Journal article

Contact Angle at the Leading Edge Controls Cell Protrusion Rate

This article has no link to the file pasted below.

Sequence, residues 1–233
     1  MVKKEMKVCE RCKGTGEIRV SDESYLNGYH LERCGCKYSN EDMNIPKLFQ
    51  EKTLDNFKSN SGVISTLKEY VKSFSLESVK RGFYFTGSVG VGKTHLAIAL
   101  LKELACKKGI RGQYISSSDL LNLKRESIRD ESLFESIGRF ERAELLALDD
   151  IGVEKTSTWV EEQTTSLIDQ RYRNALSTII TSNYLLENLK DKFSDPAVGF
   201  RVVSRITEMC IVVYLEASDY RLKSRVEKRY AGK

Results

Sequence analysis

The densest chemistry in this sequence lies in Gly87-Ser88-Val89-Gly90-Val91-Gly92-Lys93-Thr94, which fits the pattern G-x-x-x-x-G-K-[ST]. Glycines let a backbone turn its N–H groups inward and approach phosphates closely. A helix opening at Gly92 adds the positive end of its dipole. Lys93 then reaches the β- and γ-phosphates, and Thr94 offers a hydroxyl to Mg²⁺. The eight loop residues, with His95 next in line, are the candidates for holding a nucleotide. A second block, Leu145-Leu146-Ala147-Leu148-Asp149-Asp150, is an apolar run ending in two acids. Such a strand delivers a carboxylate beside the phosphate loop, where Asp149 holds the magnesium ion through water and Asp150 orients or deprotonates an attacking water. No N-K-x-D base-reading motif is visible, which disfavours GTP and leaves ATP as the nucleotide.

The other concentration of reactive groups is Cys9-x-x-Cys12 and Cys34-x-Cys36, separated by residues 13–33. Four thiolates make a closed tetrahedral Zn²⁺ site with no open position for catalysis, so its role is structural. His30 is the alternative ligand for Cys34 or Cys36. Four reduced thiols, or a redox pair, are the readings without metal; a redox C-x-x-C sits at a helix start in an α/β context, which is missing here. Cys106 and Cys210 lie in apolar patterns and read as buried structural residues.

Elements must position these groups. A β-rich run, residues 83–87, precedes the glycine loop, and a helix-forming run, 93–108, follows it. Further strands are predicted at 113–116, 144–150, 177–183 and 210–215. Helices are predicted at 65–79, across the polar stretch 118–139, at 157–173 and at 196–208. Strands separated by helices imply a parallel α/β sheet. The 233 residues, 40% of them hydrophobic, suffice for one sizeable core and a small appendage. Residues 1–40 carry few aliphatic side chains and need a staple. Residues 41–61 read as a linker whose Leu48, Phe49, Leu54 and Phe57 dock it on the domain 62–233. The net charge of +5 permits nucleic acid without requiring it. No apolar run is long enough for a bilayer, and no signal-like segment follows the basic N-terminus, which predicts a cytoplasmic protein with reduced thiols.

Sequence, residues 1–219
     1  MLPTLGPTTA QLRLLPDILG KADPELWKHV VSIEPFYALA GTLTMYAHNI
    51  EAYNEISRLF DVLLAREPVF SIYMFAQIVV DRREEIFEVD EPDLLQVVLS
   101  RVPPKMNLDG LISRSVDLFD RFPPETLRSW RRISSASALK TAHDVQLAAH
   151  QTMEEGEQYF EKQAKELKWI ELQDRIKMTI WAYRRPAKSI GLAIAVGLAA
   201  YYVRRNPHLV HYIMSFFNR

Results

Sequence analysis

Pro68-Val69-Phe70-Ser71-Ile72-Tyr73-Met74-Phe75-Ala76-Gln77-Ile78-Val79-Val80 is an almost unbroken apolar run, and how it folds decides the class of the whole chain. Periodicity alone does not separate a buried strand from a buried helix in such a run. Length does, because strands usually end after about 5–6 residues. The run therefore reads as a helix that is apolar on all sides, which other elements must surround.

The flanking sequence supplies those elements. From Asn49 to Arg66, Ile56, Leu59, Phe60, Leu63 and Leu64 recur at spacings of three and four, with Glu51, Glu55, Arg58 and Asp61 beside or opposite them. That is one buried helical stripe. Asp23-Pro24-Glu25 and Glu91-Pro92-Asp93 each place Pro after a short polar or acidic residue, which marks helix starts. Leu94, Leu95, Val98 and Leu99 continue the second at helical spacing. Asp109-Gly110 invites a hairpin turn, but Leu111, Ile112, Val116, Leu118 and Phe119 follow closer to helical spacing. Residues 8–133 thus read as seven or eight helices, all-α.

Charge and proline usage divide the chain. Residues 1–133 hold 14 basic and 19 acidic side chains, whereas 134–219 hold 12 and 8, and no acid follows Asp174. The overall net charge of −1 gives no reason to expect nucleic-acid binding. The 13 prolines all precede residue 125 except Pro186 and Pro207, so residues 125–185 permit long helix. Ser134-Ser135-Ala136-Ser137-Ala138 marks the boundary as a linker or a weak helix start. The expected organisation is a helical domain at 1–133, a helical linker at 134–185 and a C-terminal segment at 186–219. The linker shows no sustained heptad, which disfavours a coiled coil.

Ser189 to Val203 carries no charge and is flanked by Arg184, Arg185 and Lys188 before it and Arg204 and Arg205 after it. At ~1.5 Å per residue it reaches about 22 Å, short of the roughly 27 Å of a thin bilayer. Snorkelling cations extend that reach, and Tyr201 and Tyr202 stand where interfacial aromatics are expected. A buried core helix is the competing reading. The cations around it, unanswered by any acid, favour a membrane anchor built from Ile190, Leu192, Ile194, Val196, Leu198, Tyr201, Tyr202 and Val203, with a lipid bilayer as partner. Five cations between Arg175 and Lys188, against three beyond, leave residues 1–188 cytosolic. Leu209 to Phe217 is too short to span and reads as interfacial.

Plasma membrane tension and the pressure generated by actin polymerization are two antagonistic forces believed to define the protrusion rate at the leading edge of migrating cells [1-5]. Quantitatively, resistance to actin protrusion is a product of membrane tension and mean local curvature (Laplace's law); thus, it depends on the local geometry of the membrane interface. However, the role of the geometry of the leading edge in protrusion control has not been yet investigated. Here, we manipulate both the cell shape and substrate topography in the model system of persistently migrating fish epidermal keratocytes. We find that the protrusion rate does not correlate with membrane tension, but, instead, strongly correlates with cell roundness, and that the leading edge of the cell exhibits pinning on substrate ridges a phenomenon characteristic of spreading of liquid drops. These results indicate that the leading edge could be considered a triple interface between the substrate, membrane, and extracellular medium and that the contact angle between the membrane and the substrate determines the load on actin polymerization and, therefore, the protrusion rate. Our findings thus illuminate a novel relationship between the 3D shape of the cell and its dynamics, which may have implications for cell migration in 3D environments.


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